As the news of the terrorist attack at Parsons Green underground station was breaking, I was on the train to London to plan for the forthcoming Leeds United and Millwall fixture.
At Kings Cross there was a noticeable sense of shock from people reading about the developing situation on their phones. While I expected some local disruption in the area of the attack, what I mainly saw in our capital city was people simply going about their business as usual.
Back home in Leeds just a few days ago we saw disruption brought to part of the city centre after a bag containing a suspicious-looking item was left in Kirkgate Market.
The safety of the public always has to come first in such incidents but we never underestimate the impact and inconvenience that necessary police operations like this have on people’s daily business.
The item was eventually found to pose no threat, but the incident does illustrate the challenging times we are living in. It is reassuring to see people have a heightened awareness of potentially suspicious items, and we continue to ask people to be alert but not alarmed.
I was also really impressed with the market traders’ and the public’s co-operation during the swift evacuation of the area and the patience people showed during the hours it took for the incident to be safely resolved.
The aftermath of the Parsons Green attack saw the National Threat Assessment raised to Critical.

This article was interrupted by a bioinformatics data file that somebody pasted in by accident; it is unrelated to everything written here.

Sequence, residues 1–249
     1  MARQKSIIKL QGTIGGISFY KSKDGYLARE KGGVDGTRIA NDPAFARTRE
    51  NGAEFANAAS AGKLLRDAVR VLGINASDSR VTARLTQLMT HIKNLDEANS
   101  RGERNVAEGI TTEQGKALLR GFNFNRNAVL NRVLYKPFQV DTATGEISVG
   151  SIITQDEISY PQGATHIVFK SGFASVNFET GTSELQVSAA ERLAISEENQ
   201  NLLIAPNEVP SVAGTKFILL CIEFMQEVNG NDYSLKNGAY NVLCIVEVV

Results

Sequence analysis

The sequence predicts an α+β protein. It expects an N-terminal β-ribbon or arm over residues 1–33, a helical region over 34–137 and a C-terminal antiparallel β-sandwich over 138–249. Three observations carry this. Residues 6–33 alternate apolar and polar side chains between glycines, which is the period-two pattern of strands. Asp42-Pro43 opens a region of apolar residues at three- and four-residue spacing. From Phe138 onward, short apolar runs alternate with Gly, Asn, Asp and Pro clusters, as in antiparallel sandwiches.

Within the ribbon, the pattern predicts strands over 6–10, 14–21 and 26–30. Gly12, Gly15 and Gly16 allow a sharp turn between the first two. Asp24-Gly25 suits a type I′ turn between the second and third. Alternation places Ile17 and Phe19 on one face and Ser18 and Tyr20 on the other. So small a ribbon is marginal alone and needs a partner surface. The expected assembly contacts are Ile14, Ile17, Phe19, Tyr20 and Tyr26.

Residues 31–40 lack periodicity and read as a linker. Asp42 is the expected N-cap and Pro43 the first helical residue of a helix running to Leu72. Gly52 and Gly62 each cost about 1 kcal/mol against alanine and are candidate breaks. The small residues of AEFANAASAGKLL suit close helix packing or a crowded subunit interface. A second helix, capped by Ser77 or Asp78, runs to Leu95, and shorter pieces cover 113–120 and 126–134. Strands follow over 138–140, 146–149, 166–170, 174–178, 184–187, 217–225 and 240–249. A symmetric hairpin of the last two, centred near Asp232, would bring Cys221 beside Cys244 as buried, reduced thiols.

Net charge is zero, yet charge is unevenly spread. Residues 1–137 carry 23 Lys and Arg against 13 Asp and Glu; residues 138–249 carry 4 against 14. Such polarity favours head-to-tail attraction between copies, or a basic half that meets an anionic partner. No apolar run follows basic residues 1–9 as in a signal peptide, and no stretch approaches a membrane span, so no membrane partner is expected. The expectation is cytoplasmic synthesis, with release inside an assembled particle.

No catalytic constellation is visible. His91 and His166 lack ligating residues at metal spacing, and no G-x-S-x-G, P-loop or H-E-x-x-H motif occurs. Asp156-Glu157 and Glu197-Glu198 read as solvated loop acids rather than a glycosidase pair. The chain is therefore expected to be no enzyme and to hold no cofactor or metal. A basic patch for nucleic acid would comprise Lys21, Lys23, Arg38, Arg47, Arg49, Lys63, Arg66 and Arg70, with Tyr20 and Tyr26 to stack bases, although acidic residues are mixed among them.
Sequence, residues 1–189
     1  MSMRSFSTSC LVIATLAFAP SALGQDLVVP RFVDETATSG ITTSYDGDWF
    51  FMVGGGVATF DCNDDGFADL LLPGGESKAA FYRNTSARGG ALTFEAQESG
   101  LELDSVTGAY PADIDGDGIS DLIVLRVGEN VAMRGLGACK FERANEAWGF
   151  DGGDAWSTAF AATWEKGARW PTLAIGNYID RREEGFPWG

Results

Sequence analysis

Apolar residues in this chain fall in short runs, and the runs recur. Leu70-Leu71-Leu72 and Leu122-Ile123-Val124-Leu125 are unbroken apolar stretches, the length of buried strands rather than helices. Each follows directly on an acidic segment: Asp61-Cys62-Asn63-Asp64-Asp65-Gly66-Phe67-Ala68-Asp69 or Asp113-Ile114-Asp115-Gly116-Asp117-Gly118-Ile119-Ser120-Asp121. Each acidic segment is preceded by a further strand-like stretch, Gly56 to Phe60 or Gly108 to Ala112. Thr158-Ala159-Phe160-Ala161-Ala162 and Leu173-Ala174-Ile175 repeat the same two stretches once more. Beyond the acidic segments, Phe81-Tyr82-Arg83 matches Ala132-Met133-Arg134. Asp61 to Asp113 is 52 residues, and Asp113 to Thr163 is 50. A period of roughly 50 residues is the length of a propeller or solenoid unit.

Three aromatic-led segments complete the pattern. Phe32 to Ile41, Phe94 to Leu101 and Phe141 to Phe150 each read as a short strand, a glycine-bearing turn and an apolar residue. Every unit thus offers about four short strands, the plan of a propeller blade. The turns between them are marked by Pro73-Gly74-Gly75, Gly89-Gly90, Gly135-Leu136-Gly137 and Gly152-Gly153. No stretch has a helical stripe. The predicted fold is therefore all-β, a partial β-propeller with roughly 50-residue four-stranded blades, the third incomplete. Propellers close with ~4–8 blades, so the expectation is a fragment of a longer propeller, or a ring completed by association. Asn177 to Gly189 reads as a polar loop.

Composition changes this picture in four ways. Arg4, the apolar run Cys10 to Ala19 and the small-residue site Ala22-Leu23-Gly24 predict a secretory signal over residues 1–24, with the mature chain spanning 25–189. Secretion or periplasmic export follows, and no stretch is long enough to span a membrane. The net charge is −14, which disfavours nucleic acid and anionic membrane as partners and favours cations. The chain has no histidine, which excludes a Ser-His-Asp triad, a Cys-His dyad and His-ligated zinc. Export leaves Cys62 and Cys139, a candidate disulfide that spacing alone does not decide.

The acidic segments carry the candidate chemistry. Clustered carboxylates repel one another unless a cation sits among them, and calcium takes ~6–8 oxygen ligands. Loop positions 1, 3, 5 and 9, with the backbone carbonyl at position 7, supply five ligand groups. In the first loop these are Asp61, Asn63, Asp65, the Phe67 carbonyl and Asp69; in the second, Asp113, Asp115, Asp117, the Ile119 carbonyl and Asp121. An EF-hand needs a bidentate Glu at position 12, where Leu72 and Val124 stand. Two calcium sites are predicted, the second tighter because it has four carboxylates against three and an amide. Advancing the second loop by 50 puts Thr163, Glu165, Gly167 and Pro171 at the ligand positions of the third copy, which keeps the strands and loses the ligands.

People in Leeds will have seen the police response most obviously in the presence of overtly armed officers at transport hubs, shopping centres, public events and other crowded places.
Those officers were there not just to reassure people, but to be on hand to protect them should the worst happen.
Officers from our neighbourhood policing teams were also playing a key role providing support and reassurance across the city’s various communities.
It is clear the threat of terrorism is something we are all now living with and this is likely to be the case for some time.
That said, it is vital that we put that risk in context and don’t let it limit our way of life, as the terrorists would want.
The police, the security services and our partner agencies will continue to do everything we can to keep people safe.
Public vigilance has a key role to play in that challenge, but we shouldn’t allow ourselves to submit to fear.
I saw someone comment on Twitter after last week’s incident: “There’s a few folk in Leeds market a bomb wouldn’t stand a chance against!”. #nothingscaresus
Somewhat tongue in cheek it may have been, but it summed up the city’s resilient spirit for me.
Chief Superintendent Paul Money is the senior officer in command of policing the Leeds district, which includes neighbourhood policing, serious crime, safeguarding and response policing.
Born and bred in Leeds, he oversees the work of more than 2,000 officers and staff dealing with more than 200 crimes and 600 calls for service every day.